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Golden larches in Manning Provincial Park

Frosty Mountain Golden Larches Hike

See the golden larches in Manning Provincial Park by hiking the Frosty Mountain trail in late September or early October.

What are the golden larches?

As the season shifts from summer to autumn, there’s one question on every hiker’s mind: have the larches turned golden yet? If you’re wondering what all the hype is about, then let me explain.

You’ve heard of coniferous trees, right? They have needle-like leaves which stay put year-round. Then there are deciduous trees. They turn a riot of colours before shedding their leaves for the season. Well, larches are conifers – but unusually, they also lose their needles. Cool eh?

The result is that for a few precious weeks each year, larch trees around the world turn a beautiful golden colour. Arrive too early and they’ll still be green. Get there too late and the needles will already have dropped, leaving the trees bald until spring.

Just like Goldilocks and her porridge, you’ve got to get it just right.

Golden larches in Manning Provincial Park
Sub-alpine larches turn golden in late September/early October

Where can you see the golden larches?

To get the real wow factor, you’re looking for the sub-alpine larch, known in Latin as the larix lyallii. These are found growing at high elevations where the temperatures are low and the soil is rocky. Stands of sub-alpine larches can be found across Canada and the USA, particularly in the Rockies and the Northern Cascades.

Popular places to see the golden larches include:

  • The Sentinel Pass in Banff National Park, Alberta
  • Chester Lake in Kananaskis Country, Alberta
  • Cathedral Provincial Park, British Columbia
  • Manning Provincial Park, British Columbia
  • Maple Pass Loop, Washington State
  • Cutthroat Pass, Washington State

Golden larches near Vancouver

If you live near Vancouver – and crossing the border isn’t an option (hello Covid) – then the best place to see the golden larches is in Manning Provincial Park.

But here’s the catch: these larches grow high up the side of a mountain. You can’t see them from your car, so you won’t be doing a drive-by photo shoot. Instead, you need to dust off the hiking boots and follow the trail up to Frosty Mountain.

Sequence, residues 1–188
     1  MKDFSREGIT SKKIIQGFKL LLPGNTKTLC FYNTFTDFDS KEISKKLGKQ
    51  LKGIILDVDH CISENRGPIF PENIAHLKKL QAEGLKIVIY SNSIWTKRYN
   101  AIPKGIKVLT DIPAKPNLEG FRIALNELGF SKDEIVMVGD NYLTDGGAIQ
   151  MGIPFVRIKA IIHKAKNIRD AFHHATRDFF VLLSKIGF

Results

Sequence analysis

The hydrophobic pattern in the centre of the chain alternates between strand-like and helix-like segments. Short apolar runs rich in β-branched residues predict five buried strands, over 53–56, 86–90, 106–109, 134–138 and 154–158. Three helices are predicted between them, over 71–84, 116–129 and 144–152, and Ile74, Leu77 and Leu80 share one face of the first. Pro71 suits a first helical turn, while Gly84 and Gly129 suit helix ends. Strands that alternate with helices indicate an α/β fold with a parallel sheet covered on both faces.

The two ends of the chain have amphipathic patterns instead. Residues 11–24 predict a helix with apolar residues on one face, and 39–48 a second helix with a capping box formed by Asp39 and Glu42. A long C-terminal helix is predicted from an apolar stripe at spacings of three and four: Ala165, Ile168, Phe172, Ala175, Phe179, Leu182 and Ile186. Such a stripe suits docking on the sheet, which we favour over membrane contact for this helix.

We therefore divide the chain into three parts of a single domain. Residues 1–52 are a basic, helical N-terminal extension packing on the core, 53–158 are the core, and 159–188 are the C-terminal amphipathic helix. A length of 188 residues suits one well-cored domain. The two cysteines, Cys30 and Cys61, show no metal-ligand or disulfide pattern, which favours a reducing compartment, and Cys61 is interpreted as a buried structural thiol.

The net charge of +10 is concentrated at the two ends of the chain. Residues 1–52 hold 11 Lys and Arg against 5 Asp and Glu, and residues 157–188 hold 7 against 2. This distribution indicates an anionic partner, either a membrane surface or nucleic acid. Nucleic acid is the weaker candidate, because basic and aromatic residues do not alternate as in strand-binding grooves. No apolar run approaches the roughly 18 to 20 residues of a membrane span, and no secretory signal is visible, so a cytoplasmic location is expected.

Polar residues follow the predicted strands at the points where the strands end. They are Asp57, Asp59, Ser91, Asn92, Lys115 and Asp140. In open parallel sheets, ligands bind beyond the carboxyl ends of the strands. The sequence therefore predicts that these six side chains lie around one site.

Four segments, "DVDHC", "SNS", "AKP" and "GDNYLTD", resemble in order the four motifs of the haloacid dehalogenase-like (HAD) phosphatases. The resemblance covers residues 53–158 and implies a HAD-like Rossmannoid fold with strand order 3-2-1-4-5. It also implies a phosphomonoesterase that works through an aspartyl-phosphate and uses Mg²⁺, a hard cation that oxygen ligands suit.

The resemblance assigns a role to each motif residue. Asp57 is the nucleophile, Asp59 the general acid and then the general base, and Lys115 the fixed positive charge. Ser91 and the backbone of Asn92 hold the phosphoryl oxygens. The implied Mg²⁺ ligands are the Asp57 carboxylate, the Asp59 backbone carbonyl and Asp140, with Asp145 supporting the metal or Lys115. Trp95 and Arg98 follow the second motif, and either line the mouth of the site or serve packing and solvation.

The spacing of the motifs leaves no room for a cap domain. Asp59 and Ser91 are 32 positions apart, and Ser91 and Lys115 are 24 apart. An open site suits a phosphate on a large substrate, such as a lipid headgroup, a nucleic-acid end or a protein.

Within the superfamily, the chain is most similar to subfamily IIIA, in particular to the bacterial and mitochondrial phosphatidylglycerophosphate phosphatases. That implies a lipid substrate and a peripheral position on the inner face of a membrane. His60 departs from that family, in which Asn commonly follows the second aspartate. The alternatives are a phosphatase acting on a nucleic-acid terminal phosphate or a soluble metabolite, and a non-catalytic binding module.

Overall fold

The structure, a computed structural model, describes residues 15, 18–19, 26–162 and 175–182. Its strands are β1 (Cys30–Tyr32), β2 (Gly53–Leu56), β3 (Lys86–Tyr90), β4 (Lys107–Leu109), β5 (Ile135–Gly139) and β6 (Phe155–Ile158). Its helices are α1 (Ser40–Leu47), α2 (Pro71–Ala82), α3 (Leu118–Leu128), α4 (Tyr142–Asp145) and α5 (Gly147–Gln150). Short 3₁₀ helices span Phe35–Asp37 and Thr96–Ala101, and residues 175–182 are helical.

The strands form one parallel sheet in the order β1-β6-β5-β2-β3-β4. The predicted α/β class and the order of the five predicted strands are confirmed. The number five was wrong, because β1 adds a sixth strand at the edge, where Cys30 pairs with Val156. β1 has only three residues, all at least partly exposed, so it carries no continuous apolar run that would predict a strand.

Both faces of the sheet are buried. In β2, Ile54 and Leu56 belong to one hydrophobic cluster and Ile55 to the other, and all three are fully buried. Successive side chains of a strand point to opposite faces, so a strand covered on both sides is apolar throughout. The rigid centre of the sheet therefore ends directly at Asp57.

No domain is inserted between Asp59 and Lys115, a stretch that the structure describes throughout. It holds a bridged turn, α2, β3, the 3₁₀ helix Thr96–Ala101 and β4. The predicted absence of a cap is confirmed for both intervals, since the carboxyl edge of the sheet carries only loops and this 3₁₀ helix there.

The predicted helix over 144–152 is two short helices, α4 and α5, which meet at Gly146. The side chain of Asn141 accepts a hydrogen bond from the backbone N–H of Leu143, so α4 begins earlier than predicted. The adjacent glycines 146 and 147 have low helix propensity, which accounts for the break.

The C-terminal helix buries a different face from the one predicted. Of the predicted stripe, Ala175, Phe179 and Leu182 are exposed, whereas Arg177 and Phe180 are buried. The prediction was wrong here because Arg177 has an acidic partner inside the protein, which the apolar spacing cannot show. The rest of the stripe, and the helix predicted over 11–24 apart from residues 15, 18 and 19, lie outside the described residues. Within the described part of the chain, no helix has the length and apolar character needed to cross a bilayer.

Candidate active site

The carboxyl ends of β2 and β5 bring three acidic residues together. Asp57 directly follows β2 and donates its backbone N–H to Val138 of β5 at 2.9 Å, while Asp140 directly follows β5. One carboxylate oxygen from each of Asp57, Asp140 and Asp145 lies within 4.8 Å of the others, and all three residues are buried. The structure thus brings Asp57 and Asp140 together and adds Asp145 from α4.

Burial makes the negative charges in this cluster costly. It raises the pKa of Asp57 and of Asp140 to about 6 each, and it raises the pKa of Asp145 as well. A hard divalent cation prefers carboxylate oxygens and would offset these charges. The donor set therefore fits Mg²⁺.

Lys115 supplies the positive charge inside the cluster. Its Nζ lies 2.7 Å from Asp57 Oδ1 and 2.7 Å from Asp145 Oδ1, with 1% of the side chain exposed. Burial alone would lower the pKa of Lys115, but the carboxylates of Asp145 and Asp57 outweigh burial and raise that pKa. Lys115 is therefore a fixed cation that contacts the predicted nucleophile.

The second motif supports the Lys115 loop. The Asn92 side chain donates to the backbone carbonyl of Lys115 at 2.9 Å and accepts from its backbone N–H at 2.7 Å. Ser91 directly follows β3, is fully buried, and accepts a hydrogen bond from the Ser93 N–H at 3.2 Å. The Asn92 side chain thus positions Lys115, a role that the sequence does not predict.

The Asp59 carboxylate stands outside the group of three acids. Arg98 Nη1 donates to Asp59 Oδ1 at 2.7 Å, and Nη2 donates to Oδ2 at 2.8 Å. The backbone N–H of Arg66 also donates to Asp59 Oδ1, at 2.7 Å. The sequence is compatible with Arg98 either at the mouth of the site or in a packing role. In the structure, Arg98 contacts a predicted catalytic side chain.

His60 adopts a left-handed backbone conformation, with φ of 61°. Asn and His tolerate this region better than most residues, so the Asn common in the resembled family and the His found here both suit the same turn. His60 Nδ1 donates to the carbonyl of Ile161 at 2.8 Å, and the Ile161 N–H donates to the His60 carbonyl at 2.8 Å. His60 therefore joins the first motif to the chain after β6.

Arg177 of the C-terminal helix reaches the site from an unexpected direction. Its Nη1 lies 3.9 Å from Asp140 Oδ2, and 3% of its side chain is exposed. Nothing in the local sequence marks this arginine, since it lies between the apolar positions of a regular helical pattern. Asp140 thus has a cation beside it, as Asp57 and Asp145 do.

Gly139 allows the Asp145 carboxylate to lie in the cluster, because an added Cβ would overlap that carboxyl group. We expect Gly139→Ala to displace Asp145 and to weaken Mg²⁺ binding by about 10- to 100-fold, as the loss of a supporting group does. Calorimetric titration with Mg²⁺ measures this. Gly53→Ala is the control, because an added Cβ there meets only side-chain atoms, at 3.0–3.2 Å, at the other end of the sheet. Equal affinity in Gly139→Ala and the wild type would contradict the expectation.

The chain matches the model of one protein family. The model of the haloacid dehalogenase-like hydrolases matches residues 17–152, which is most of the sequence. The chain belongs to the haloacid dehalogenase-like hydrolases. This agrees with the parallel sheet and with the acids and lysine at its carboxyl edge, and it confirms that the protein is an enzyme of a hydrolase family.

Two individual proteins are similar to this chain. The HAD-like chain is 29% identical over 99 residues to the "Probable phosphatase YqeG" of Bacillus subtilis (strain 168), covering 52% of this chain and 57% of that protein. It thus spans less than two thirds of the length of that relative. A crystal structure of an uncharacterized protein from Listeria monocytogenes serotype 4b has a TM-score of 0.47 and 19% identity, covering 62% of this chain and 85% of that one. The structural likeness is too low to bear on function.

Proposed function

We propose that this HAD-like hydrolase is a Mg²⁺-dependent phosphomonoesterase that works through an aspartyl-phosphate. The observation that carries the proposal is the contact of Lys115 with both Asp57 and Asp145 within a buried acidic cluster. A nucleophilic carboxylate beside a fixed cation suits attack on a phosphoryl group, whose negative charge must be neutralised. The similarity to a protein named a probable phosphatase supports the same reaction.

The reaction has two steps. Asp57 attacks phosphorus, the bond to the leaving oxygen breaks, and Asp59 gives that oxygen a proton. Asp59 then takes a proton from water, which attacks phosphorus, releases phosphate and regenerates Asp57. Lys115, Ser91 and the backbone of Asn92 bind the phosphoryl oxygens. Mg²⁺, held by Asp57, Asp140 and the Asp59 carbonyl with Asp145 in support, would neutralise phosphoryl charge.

You don’t have to reach the summit of Frosty Mountain, which stands at a considerable 2,408m. In fact, the golden larches plateau is around 2km below the peak. The hike to the plateau is certainly uphill, with approximately 800m elevation gain. But it’s manageable for the intermediate hiker, as the trail ascends gradually during a long series of switchbacks.

Golden larches in Manning Provincial Park
Manning Provincial Park in early October

When to see the golden larches in Manning Provincial Park

The Frosty Mountain hike is typically snow-free from mid-July to early October. To catch the larches at their most vibrant, visit in late September to early October. I went in the first weekend of October and was met with a dazzling array of golden hues.

The weather in late September and early October is unpredictable. The larches are extremely high up and it’s very possible that there will be snow on the ground. Take warm layers and micro-spikes for your hiking boots. Oh, and always carry the 10 Essentials!

Top tip – these glorious larches turn golden for a short period, meaning the trail is very busy at weekends during late September/early October. If possible, time your trip for a week-day.

Frosty Mountain hike quick facts

  • Distance: 22km round trip to Frosty Mountain, or 18km to the larches plateau
  • Start: from the Lightening Lake day-use area in Manning Provincial Park
  • Time needed: between six and nine hours, depending on your speed and whether you go all the way to the summit
  • Dogs: are allowed on leash
  • Elevation gain: 1,150m to the summit, 800m to the larch plateau
  • Camping: is available if you want to do this as an overnight trip. Frosty Creek Wilderness Campsite is around the 7km mark.